Nova Scotians 'throwing away money,' veteran bottle collector says
Porters Lake resident says he's made thousands of dollars over the years
Adam Conrod was 17 when he first went looking for refundables at the side of the road in Nova Scotia. Now 20 years later, he likes to call himself a professional.
Collecting cans and bottles is "a lot like going fishing," says the Porters Lake resident. "Sometimes you'll collect all kinds and sometimes you won't get any."
Conrod, who turned 38 on Monday, says he spends approximately four hours a day, 10 days a month, searching for recyclables in ditches in his neighbourhood and in other Nova Scotia communities like Fall River, East Lawrencetown, East Chezzetcook, Dartmouth and Halifax.
When he started as a teenager, Conrod says he was just hoping to earn some lunch money. Nowadays, he makes approximately $60 a month, which he spends on bicycle repairs and paying bills.
It doesn't seem like a lot of money, given how much time Conrod spends on the side of the highway in all kinds of weather. But he says he still finds it rewarding — even after two decades in the ditches.
Conrod recalls one day in East Lawrencetown when somebody pulled over to thank him for cleaning up the community.
"[It's] things like that," he says, "that I'll probably remember forever."
Travels by bike
Conrod rides his bicycle as he hunts for bottles, carrying his bag of recyclables on the handlebars. He says he can't handle more than one bag or it affects his balance. So once the bag is full, "I call 'er quits."
While safety is "always on my mind," Conrod says he's never had any close calls — even when he rides his bike on the shoulder of Highway 107.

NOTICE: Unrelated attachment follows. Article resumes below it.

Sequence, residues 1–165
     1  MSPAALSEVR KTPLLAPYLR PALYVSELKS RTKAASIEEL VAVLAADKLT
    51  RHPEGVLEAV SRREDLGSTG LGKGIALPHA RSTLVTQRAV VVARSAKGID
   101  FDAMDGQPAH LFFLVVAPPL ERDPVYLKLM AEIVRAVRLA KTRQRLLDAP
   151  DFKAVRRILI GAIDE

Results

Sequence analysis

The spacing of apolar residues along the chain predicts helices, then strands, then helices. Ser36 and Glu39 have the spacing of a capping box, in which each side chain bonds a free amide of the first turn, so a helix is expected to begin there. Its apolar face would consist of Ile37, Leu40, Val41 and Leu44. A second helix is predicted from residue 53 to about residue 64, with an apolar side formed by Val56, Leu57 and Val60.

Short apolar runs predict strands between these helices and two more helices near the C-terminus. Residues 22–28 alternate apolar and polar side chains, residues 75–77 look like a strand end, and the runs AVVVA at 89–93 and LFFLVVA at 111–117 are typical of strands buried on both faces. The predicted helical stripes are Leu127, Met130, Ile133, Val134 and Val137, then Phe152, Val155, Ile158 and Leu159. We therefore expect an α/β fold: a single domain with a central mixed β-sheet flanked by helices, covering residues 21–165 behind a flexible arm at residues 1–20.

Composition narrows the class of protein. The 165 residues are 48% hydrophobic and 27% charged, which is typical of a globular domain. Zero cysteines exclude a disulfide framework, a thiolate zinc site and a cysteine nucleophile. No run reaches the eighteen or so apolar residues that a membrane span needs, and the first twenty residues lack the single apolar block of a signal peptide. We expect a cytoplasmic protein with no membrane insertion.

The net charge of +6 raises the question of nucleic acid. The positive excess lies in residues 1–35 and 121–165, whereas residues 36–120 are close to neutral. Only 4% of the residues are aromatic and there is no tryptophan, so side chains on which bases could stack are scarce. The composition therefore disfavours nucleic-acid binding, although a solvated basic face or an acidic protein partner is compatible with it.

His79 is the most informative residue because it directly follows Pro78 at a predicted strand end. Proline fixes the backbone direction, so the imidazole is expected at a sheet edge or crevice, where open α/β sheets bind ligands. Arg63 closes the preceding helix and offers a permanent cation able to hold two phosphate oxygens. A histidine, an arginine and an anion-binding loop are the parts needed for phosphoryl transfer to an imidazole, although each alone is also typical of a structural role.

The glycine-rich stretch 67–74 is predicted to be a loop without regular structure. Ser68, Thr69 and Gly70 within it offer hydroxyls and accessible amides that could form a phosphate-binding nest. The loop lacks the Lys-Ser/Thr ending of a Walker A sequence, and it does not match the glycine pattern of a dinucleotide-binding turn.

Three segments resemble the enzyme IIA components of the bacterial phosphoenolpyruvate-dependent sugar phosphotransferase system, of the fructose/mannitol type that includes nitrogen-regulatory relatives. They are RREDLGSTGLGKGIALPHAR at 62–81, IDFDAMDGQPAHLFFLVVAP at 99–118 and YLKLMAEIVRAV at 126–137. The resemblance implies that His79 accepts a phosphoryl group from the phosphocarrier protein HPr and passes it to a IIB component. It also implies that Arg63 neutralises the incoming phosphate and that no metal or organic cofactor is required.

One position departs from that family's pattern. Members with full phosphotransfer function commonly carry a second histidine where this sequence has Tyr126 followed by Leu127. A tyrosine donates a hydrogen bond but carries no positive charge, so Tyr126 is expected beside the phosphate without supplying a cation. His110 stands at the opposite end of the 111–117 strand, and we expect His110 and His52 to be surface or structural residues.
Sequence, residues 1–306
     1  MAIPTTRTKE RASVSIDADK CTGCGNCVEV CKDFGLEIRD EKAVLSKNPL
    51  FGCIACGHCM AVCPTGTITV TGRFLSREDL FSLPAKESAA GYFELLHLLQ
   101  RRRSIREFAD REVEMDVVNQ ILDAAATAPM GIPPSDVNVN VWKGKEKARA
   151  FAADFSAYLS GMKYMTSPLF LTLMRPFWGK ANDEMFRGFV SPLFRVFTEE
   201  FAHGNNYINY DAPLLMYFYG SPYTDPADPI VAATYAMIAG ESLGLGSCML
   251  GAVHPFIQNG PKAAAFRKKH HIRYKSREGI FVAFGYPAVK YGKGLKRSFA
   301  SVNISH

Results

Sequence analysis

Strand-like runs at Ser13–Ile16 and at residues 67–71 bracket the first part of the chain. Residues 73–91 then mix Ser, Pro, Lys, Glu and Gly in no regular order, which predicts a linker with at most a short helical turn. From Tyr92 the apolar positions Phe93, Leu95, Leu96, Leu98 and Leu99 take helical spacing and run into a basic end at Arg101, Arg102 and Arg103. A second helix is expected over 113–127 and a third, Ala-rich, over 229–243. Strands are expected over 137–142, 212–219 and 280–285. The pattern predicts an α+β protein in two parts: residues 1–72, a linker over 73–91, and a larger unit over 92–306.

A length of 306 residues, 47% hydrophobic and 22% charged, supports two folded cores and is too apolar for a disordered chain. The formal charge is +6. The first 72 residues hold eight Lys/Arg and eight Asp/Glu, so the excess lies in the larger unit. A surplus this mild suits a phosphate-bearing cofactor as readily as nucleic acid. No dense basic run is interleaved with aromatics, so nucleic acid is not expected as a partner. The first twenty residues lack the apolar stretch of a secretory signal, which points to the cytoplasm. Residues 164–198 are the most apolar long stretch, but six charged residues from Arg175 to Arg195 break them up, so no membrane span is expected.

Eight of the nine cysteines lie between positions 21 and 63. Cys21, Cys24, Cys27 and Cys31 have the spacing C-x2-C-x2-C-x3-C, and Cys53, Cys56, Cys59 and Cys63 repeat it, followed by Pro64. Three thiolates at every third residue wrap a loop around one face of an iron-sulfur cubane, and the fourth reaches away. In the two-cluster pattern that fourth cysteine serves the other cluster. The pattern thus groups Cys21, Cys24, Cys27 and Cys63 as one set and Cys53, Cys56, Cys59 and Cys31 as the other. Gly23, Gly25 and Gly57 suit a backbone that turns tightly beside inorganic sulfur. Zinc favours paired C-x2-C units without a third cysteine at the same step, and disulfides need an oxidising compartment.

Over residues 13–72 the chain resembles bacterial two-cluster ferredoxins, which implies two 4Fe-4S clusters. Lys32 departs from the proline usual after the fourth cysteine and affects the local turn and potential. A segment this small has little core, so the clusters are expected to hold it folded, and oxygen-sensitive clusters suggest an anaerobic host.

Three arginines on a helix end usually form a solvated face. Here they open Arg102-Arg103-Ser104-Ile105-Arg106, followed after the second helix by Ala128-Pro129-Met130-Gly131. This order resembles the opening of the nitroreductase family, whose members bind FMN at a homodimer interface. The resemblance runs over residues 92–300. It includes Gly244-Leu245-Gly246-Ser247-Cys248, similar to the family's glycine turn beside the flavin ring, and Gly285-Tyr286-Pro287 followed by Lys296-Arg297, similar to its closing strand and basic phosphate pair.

Better incentive needed
It's disappointing to see how many refundables people throw away, Conrod says.
"You're throwing away money," he says, adding that the litter creates a mess.
Conrod wants the province to increase the refund amount on cans and bottles — from five cents to 10 cents for most beverage containers — as an incentive for more people to return them.
He also suggested increasing the deposit customers pay upfront.
The province responds
A spokesperson for Nova Scotia's Environment Department, Chrissy Matheson, says the province already has a "very high recovery rate for beverage containers, at 80.8 per cent."
Matheson says due to "our success in recovery rates," the department has no plans to raise the fees, which were set in 1996 when the program was first introduced.
She also adds that Nova Scotia's model is "in line" with what's happening in the other Maritime provinces.
With files from CBC Information Morning